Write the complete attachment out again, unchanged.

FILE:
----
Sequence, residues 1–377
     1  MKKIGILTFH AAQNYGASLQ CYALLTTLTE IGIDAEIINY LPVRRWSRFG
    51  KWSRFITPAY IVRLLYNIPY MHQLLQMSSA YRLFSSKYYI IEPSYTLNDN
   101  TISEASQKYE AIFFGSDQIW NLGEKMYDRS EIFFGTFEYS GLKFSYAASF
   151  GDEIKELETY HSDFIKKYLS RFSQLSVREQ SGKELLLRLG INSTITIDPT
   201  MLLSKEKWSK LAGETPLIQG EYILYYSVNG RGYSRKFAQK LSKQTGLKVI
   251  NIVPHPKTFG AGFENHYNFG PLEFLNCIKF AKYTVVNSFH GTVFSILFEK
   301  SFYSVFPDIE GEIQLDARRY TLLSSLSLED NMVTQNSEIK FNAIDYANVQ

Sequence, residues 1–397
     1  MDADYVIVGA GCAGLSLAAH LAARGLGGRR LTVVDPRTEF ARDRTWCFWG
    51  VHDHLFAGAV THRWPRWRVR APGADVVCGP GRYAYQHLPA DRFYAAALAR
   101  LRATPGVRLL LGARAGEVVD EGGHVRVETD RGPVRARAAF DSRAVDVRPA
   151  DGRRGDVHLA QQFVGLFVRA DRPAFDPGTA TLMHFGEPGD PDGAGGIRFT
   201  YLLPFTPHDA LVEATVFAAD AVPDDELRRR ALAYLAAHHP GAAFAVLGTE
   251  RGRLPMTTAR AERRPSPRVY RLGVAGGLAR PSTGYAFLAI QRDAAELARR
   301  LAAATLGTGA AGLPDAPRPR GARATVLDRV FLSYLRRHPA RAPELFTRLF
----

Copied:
Sequence, residues 1–377
     1  MKKIGILTFH AAQNYGASLQ CYALLTTLTE IGIDAEIINY LPVRRWSRFG
    51  KWSRFITPAY IVRLLYNIPY MHQLLQMSSA YRLFSSKYYI IEPSYTLNDN
   101  TISEASQKYE AIFFGSDQIW NLGEKMYDRS EIFFGTFEYS GLKFSYAASF
   151  GDEIKELETY HSDFIKKYLS RFSQLSVREQ SGKELLLRLG INSTITIDPT
   201  MLLSKEKWSK LAGETPLIQG EYILYYSVNG RGYSRKFAQK LSKQTGLKVI
   251  NIVPHPKTFG AGFENHYNFG PLEFLNCIKF AKYTVVNSFH GTVFSILFEK
   301  SFYSVFPDIE GEIQLDARRY TLLSSLSLED NMVTQNSEIK FNAIDYANVQ

Sequence, residues 1–397
     1  MDADYVIVGA GCAGLSLAAH LAARGLGGRR LTVVDPRTEF ARDRTWCFWG
    51  VHDHLFAGAV THRWPRWRVR APGADVVCGP GRYAYQHLPA DRFYAAALAR
   101  LRATPGVRLL LGARAGEVVD EGGHVRVETD RGPVRARAAF DSRAVDVRPA
   151  DGRRGDVHLA QQFVGLFVRA DRPAFDPGTA TLMHFGEPGD PDGAGGIRFT
   201  YLLPFTPHDA LVEATVFAAD AVPDDELRRR ALAYLAAHHP GAAFAVLGTE
   251  RGRLPMTTAR AERRPSPRVY RLGVAGGLAR PSTGYAFLAI QRDAAELARR
   301  LAAATLGTGA AGLPDAPRPR GARATVLDRV FLSYLRRHPA RAPELFTRLF